Ear infections and glue ear factsheet


An ear infection is when germs and bacteria enter the ear, causing pain and swelling.

Ear infections are very common in children as their immune systems are not fully developed and cannot fight illness well. The eustachian tubes that connect the ears to the back of the throat are also narrower and sit horizontally. This makes it difficult for fluid to drain out of the ear, causing it to get trapped and build up.

There are two common types of ear infections.

Middle ear infections or otitis media – These infections happen in the middle ear, which sits behind the ear drum. Middle ear infections usually start with a cold or sickness that causes fluid containing bacteria and germs to build up and cause infection.

Outer ear infections or otitis externa – These infections happen in the outer ear canal, which sits between the outside of the ear and the eardrum. Outer ear infections happen when fluid containing bacteria enters the ear canal, becomes trapped and causes infection. This commonly happens when swimming, so outer ear infections are sometimes called swimmer’s ear.

 Signs and symptoms

Signs and symptoms of ear infection will be slightly different depending on which part of the ear is infected.

For middle ear infections, your child may experience:

If your child has any redness, swelling or pain in the area behind their ear, see your local doctor or go to the nearest emergency department immediately.

For outer ear infections, your child may have:

  • tenderness and pain in the outer ear, especially when moving the jaw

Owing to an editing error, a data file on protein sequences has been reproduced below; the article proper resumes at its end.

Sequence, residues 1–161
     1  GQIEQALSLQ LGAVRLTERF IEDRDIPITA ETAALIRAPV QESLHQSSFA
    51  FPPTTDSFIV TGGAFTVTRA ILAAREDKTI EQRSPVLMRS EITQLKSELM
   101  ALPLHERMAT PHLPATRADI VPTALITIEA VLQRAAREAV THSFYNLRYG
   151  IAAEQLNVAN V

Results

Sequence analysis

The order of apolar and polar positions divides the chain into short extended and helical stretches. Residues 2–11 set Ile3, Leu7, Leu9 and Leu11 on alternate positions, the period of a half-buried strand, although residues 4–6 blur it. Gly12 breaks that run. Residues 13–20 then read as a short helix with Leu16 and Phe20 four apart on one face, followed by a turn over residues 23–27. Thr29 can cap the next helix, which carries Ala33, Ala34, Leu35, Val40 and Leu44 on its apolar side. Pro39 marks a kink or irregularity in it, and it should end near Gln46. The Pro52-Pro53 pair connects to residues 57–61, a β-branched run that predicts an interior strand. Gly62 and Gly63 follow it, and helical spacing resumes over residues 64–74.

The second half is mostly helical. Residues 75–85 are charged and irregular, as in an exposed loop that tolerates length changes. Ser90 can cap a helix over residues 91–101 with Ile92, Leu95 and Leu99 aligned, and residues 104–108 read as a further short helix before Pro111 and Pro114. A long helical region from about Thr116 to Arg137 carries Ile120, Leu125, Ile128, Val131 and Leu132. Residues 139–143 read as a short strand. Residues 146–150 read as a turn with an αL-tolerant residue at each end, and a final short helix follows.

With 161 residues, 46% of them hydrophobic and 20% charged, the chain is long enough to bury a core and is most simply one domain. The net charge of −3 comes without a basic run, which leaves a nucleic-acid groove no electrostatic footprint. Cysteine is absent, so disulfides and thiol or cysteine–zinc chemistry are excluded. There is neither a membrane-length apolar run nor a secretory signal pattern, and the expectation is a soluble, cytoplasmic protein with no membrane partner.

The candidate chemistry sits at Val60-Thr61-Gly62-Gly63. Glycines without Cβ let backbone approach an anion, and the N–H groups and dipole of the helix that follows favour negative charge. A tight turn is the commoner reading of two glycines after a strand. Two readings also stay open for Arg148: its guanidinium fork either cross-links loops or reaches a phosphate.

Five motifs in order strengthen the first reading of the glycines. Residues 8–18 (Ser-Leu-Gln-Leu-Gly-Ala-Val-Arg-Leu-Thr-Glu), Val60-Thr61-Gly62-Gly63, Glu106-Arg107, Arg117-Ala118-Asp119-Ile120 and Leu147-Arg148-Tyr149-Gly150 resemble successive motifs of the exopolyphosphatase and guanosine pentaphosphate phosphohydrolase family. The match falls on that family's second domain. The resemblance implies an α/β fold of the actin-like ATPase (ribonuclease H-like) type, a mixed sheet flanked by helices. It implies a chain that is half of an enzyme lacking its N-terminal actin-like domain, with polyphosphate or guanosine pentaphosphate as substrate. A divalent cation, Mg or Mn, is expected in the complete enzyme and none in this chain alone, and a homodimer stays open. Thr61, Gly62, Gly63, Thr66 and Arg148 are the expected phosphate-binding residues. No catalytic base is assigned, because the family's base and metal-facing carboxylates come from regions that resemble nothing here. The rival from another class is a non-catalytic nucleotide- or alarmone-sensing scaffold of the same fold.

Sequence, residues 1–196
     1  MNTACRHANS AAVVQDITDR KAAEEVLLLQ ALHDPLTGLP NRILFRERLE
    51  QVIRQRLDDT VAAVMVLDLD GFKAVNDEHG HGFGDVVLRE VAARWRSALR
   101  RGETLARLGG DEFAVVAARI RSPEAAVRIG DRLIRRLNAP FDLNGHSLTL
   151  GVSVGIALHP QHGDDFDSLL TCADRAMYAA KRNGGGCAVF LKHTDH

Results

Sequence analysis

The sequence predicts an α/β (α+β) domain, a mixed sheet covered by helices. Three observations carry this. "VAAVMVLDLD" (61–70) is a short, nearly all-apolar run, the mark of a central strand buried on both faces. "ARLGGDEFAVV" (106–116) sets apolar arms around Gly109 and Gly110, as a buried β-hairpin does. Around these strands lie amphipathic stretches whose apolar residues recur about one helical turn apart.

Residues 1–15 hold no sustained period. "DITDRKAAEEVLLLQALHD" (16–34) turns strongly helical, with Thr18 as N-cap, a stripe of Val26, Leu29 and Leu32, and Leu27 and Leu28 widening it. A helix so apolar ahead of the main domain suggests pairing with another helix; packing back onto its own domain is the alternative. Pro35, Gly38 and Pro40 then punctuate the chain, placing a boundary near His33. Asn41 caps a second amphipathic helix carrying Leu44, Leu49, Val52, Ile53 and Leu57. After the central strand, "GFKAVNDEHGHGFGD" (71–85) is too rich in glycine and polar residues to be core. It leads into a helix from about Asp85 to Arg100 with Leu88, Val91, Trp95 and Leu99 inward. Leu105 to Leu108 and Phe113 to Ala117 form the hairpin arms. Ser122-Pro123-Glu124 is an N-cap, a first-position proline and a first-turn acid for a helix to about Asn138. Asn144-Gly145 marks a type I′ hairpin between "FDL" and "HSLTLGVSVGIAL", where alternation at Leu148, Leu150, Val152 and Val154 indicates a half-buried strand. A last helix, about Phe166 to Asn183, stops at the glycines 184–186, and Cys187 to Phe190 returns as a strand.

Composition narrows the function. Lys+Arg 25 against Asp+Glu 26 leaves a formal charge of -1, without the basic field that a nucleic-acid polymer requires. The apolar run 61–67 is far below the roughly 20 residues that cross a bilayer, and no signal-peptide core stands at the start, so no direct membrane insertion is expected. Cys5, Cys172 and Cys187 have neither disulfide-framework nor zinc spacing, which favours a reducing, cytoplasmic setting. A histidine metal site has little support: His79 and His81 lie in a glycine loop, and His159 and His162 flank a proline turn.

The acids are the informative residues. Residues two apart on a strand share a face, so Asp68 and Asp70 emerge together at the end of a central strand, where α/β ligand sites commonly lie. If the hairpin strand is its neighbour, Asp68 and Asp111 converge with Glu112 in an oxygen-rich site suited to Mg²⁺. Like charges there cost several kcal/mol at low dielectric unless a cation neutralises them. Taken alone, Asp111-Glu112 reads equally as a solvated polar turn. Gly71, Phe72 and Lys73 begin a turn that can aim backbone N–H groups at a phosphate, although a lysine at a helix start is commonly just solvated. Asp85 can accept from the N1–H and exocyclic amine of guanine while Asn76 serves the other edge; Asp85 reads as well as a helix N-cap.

• muffled hearing
  • feeling of pressure or fullness in the ear
  • redness and swelling
  • clear or yellow fluid coming out of the ear
  • a swishing or squelching sensation in the ear when moving.

Take your child to your local doctor when they show signs of an ear infection. Untreated ear infections can be severe and can lead to infection spreading in the body and hearing loss.


Your child’s doctor can diagnose an ear infection by checking their symptoms and looking inside the ear with an otoscope. An otoscope is a magnifying tool that can see the ear drum.


Treatment options depend on which type of ear infection your child has and how severe it is.

Middle ear infections

Middle ear infections will usually clear up in about a week. Your child’s doctor may recommend pain relief like paracetamol or ibuprofen, or they may prescribe numbing ear drops. Always speak to your doctor before using drops for middle ear infections.

Antibiotics are not usually given for middle ear infections unless your child is experiencing severe symptoms like fever and vomiting.

If your child has ear infections that keep coming back, they can be referred to an ear, nose, and throat (ENT) specialist for treatment.

Outer ear infections

Outer ear infections are usually treated with medicated ear drops prescribed by your child’s doctor. You will need to give your child the drops several times a day. Follow the instructions given by the doctor or pharmacist.

If your child has a severe outer ear infection, the doctor may place some gauze into the ear canal to help get the medicine inside. Your child should avoid swimming and touching the inside of their ear as the infection clears up.

Symptoms should improve around day 3 of treatment, and your child should feel much better by the end of the first week. Follow up with your child’s doctor if symptoms do not improve.


Risk factors and prevention